Altman’s eternally roaming camera is used to great effect throughout the film, keeping the storyline continually moving without resorting to the hectic jump cuts and rapidfire editing so prevalent — and headache-inducing — in modern gangster flicks. He utilizes plenty of slow zooms and “shots in which people speak in the foreground while action takes place in the distance, sometimes through glass” — the latter unmistakably evoking Hitchcock; not a single scene is boringly directed. Meanwhile, Altman’s choice of locales are distinct and irrefutably authentic — from Marlowe’s funky Hollywood apartment “on Camrose just South of the Hollywood Bowl” (complete with yoga-loving hippies across the way), to the Wades’ Malibu Colony beach house, to the grocery store Marlowe visits during the film’s intriguing opening sequence (which effectively establishes him as a down-on-his-luck loner who can’t even please — or fool — his own cat).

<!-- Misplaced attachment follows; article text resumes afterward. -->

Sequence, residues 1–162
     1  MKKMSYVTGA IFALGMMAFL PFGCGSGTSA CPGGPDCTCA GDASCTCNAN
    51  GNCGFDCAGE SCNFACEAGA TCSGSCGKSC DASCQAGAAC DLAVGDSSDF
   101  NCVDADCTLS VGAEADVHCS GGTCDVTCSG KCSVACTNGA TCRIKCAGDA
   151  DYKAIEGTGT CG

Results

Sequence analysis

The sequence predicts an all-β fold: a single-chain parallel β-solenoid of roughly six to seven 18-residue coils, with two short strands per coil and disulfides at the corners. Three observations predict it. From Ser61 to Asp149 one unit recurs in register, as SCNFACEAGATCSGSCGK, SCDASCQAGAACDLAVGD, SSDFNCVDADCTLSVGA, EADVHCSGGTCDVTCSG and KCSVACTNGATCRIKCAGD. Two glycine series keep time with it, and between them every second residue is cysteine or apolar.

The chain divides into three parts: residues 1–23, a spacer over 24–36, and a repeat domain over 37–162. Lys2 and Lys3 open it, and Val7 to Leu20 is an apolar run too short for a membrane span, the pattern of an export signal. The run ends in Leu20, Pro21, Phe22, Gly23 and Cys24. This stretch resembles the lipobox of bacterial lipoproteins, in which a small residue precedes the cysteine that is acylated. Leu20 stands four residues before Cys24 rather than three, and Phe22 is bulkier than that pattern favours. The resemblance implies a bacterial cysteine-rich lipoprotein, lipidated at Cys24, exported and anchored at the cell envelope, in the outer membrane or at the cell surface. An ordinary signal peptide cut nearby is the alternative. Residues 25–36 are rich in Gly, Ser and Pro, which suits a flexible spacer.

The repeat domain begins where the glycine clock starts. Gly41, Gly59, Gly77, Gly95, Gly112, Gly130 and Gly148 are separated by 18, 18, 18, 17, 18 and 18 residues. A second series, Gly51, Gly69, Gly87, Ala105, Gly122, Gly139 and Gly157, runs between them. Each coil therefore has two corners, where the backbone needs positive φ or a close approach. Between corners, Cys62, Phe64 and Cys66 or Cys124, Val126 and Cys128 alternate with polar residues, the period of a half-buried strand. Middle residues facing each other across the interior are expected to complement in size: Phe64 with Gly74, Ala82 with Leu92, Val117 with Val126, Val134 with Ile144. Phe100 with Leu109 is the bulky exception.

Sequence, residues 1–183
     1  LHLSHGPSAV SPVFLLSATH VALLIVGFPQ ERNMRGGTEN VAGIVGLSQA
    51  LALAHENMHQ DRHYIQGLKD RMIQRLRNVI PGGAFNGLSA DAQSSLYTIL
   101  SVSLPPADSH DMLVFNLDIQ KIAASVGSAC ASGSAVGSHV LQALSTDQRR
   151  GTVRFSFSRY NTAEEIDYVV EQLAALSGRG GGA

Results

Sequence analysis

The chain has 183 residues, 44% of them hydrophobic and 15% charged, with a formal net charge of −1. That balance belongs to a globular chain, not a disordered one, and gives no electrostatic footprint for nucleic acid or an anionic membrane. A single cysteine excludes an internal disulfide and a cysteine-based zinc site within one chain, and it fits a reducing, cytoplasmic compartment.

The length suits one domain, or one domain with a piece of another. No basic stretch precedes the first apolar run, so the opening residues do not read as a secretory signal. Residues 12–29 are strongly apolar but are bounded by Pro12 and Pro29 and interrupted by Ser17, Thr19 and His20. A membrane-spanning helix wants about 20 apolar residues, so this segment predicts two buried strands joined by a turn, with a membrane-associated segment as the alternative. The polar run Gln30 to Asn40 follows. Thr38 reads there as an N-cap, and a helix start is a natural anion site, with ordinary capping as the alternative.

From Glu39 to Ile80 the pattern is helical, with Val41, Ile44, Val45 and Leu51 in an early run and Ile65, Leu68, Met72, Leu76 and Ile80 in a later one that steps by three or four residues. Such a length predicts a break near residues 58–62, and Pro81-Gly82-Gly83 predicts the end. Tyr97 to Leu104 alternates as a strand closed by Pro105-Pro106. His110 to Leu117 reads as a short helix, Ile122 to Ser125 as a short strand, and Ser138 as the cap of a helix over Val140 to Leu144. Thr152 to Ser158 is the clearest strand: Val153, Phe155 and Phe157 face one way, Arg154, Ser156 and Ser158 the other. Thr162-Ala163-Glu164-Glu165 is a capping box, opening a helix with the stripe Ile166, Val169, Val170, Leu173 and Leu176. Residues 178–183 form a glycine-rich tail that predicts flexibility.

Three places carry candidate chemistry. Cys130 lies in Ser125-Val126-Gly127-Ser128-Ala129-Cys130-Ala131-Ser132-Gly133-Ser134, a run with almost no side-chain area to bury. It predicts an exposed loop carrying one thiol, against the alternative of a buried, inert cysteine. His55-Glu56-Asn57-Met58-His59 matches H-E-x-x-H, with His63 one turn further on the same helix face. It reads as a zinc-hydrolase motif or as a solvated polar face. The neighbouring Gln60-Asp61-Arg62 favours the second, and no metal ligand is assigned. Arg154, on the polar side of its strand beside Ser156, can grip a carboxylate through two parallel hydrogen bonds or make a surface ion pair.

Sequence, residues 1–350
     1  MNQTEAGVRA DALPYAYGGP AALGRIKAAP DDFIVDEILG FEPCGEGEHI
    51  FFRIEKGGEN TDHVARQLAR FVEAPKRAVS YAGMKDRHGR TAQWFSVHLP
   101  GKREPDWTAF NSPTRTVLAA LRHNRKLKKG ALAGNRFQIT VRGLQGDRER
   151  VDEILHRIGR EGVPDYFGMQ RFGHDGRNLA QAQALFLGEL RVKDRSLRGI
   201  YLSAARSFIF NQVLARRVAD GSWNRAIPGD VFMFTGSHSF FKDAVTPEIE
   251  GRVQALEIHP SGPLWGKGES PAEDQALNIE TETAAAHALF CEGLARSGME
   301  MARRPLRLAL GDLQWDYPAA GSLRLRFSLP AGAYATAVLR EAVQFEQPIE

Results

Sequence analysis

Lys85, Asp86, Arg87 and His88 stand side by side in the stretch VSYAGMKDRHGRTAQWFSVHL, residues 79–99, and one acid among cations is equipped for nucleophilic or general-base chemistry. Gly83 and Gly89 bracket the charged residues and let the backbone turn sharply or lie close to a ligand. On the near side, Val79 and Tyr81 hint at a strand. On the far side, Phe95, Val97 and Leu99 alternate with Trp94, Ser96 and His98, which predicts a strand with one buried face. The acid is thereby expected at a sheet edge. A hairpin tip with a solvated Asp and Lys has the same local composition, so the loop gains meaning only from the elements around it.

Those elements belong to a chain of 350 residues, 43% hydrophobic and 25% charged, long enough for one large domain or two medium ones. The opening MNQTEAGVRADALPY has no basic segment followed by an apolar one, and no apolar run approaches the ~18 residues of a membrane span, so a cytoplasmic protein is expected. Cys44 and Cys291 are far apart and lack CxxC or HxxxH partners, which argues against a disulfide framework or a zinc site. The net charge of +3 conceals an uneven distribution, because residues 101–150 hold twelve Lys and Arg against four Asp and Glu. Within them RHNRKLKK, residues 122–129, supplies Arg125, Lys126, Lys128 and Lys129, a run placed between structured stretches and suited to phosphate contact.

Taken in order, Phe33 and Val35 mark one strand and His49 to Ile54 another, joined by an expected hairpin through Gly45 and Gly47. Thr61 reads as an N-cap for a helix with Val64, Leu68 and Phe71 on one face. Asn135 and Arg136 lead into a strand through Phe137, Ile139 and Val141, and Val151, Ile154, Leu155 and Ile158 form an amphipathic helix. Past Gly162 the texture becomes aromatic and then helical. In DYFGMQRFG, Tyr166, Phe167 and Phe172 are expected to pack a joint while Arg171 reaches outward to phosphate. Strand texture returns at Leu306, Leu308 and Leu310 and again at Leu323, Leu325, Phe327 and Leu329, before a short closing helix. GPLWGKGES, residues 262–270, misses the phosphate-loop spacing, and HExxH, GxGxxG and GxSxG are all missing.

The Long Goodbye has been called a satire or parody by many (including Peary), but this label isn’t entirely accurate. While there are definite undercurrents of humor throughout — particularly during Gould’s interactions with an utterly clueless thug who’s been tasked with following him — it’s deadly serious at other times. And while violence is rare in the film, it’s there, brutal and lurking; as Peary notes, “what we witness, we realize, is only the tip of the iceberg”. The film’s most infamous scene involves a thug (Rydell) inexplicably smashing a glass Coke bottle across his mistress’s face, simply to show Gould what he’s capable of. It may not be plausible, but it sure as hell is frightening.

Redeeming Qualities and Moments:

  • Elliott Gould as Philip Marlowe
    Long Goodbye Gould